Studies - Posted on Saturday, September 11, 2010, 10:17 PM GMT +1

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Sep Saturday 11

S&P 500: Best and Worst Performing Month since 1940

Most recently monthly seasonalities got a lot of press around the blogosphere (who hasn’t heard the stock market adage that September has historically been the worst performing month). Bespoke Investment Group and Wall Street Pit (among many others) covered this topic, and Michael Stokes at MarketSci shows (as a monthly feature) a day-by-day seasonality map for every business day in September.

As a number cruncher (and for like-minded guys) I thought it would be interesting to check if – and to what extend – this proves true, and to figure out which month is – from a long-term perspective – the best / worst performing month, and what are respective historical probabilities and odds (expectancy and profitability).

(If you’re interested in the summary only, please click here)

Table I below shows the S&P 500‘s historical performance (since 1940) for January, February up to June, assumed one went long on close of the last session of the previous month (e.g. on the 31st of December of every year since 1940) and went into cash on close of the last session of the respective month (e.g. on 31st of January of every year since 1940) for the then following 11 month (no return on cash).


Here is the link to the stats in a more ‘readable’, original size: Statistics 1

Table II below shows the S&P 500‘s respective periodic (weekly, monthly, quarterly, yearly) returns (since 1940) for January, February up to June and some additional performance metrics.


Here is the link to the stats in a more ‘readable’, original size: Statistics 2

Table III below shows the S&P 500‘s historical performance (since 1940) for July, August up to December, assumed one went long on close of the last session of the previous month (e.g. on the 31st of July of every year since 1940) and went into cash on close of the last session of the respective month (e.g. on the 31st of August  of every year since 1940) for the then following 11 month (no return on cash).


Here is the link to the stats in a more ‘readable’, original size: Statistics 3

Table IV below shows the S&P 500‘s respective periodic (weekly, monthly, quarterly, yearly) returns (since 1940) for July, August up to December and some additional performance metrics.


Here is the link to the stats in a more ‘readable’, original size: Statistics 4

Conclusions:

Very long-term (last 70 years), and looking at compound returns, geometric growth per trade (-0.0284%, nth root of compound returns, while n reflects the number of sessions in order to make those month with a regularly deviating number of session comparable), profit factor (0.94), month positive (44.29%), maximum drawdown (on a week-end basis: 47.16%, and on a month-end basis: 44.66%), and median monthly return (-0.33%), September is in fact the worst performing month. But surprisingly not by a wide margin (except the maximum drawdown). February is very close, with distribution of returns at 47.80% (the median daily return in February’s significantly undercuts the median at-any-time daily return, and is the lowest of all month).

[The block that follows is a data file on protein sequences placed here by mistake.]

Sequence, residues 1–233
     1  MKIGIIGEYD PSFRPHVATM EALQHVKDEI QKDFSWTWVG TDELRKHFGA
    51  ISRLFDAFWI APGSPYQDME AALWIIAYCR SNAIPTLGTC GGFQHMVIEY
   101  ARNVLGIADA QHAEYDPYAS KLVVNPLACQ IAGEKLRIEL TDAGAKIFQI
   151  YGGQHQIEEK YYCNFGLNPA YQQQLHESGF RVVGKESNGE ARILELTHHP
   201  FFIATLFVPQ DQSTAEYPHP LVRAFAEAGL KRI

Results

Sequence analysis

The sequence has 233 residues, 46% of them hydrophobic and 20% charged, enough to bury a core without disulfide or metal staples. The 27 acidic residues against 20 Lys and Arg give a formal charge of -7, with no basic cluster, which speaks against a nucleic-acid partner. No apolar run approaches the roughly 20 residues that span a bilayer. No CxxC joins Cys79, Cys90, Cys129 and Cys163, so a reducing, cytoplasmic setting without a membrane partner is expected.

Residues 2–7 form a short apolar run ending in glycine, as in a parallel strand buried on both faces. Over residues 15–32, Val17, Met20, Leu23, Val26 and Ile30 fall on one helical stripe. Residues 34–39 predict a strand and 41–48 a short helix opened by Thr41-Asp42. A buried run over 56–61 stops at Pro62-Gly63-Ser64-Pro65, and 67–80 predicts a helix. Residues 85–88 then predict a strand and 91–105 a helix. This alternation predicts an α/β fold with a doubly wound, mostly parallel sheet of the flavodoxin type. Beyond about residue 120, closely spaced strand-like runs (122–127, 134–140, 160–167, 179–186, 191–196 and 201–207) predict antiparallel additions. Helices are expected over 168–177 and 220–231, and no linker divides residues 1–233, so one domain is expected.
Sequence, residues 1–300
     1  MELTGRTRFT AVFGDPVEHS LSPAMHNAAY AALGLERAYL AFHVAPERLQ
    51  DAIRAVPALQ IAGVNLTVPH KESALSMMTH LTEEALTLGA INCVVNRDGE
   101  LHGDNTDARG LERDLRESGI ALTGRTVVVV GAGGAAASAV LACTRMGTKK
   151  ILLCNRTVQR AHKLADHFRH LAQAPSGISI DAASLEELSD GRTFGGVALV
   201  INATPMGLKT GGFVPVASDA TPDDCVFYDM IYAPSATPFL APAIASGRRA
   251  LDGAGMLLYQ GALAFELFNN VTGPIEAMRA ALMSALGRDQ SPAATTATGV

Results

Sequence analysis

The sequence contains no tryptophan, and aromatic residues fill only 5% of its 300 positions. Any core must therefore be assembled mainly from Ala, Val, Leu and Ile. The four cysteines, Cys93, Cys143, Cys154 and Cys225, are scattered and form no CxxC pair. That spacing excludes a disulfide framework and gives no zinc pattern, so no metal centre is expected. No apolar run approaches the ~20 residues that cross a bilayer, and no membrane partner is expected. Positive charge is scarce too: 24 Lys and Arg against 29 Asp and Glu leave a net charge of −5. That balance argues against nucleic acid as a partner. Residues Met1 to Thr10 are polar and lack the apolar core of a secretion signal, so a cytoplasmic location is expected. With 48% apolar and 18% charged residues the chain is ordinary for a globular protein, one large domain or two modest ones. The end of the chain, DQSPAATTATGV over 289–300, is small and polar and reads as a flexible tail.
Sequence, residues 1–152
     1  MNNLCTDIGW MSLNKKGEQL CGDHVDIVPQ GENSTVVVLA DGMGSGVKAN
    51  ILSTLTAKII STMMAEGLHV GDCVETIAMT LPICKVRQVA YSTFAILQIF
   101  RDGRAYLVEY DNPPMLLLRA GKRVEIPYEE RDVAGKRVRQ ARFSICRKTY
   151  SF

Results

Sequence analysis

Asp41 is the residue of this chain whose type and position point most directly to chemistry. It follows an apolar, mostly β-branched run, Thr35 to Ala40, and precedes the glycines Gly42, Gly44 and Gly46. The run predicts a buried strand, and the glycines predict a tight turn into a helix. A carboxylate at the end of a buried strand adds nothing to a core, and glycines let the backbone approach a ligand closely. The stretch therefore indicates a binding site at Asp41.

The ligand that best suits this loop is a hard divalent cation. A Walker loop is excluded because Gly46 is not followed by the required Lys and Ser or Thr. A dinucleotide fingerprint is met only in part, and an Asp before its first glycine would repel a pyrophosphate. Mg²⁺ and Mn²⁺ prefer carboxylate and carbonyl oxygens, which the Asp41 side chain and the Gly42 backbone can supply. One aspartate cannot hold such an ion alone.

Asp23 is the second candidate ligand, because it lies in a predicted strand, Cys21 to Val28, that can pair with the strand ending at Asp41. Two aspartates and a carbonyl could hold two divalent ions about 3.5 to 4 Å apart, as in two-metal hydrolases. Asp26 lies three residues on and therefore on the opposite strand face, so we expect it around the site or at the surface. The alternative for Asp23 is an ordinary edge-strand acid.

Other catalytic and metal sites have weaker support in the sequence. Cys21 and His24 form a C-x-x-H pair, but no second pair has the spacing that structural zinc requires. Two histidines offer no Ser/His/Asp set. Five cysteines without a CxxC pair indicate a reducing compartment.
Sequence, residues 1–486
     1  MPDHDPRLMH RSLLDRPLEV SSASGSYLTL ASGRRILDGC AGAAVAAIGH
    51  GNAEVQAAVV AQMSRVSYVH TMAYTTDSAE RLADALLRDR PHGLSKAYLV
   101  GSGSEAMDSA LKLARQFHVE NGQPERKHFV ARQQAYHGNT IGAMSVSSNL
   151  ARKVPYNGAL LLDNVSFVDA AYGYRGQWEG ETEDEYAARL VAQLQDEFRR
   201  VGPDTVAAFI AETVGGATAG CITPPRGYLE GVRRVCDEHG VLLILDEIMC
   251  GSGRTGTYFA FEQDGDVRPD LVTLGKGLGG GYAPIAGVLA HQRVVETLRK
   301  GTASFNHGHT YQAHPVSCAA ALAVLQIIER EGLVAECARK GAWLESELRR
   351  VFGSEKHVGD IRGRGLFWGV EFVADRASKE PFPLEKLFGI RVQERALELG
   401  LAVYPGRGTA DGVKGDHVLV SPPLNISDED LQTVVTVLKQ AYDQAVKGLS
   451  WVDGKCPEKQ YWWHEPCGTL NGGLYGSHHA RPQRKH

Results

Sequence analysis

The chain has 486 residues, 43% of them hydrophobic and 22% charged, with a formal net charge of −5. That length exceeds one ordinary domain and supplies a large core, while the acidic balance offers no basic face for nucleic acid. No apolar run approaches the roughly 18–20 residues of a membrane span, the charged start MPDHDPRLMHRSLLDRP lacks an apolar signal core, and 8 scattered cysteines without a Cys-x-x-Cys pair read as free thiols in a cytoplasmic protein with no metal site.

And the winner is: December. Since 1940, 75.71% (every three out of four) of the time December showed a positive month-end performance, a median monthy return of 1.55% with the lowest standard deviation (3.12%), a maximum drawdown (month-end) of 6.29% only (especially in comparison to September’s 44.66%), a profit factor of 1.33, with the lowest median losing trade of -0.38% and the highest t-score vs. chance and market (statistical significance). April and March take the less prominent places (take a look at the respective t-scores).

Not surprisingly, September and October (on top) are leading the pack with respect to historical volatility (annual.) and maximum loss (negative daily returns / one-day losses of -11.93% and -21.76% respectively).

Interestingly, December, April and March as the best performing month where historically very ‘inconspicuous‘, regularly not attracting much attention. ‘inconspicuous‘ in the sense of showing the lowest maximum drawdown on a day-to-day basis, a proportionally below-average percentage (< 10%) of sessions in the top / bottom percentile of the at-any-time best / worst performing sessions (Top 10% Winners, Top 10% Losers).

Enjoy your weekend, and successful trading,
Frank

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Disclaimer: No position in the securities mentioned in this post at time of writing.

Remarks: Due to their conceptual scope – and if not explicitely stated otherwise , all models/setups/strategies do not account for slippage, fees and transaction costs, do not account for return on cash and/or interest on margin, do not use position sizing (e.g. Kelly, optimal f) – they’re always ‘all in, do not use leverage (e.g. leveraged ETFs) but a marginable account is mandatory , do not utilize any kind of abnormal market filter (e.g. during market phases with extremely elevated volatility), do not use intraday buy/sell stops (end-of-day prices only), and models/setups/strategies are not ‘adaptive‘ (do not adjust to the ongoing changes in market conditions like bull and bear markets).

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Comments (2)

 

  1. […] By the end of October the markets were up an average of over 13%, in a month that is historically volatile and negative. As a small example of why you can’t time the market, think about how you would feel if you took […]

  2. […] By the end of October the markets were up an average of over 13%, in a month that is historically volatile and negative. As a small example of why you can’t time the market, think about how you would feel if you took […]

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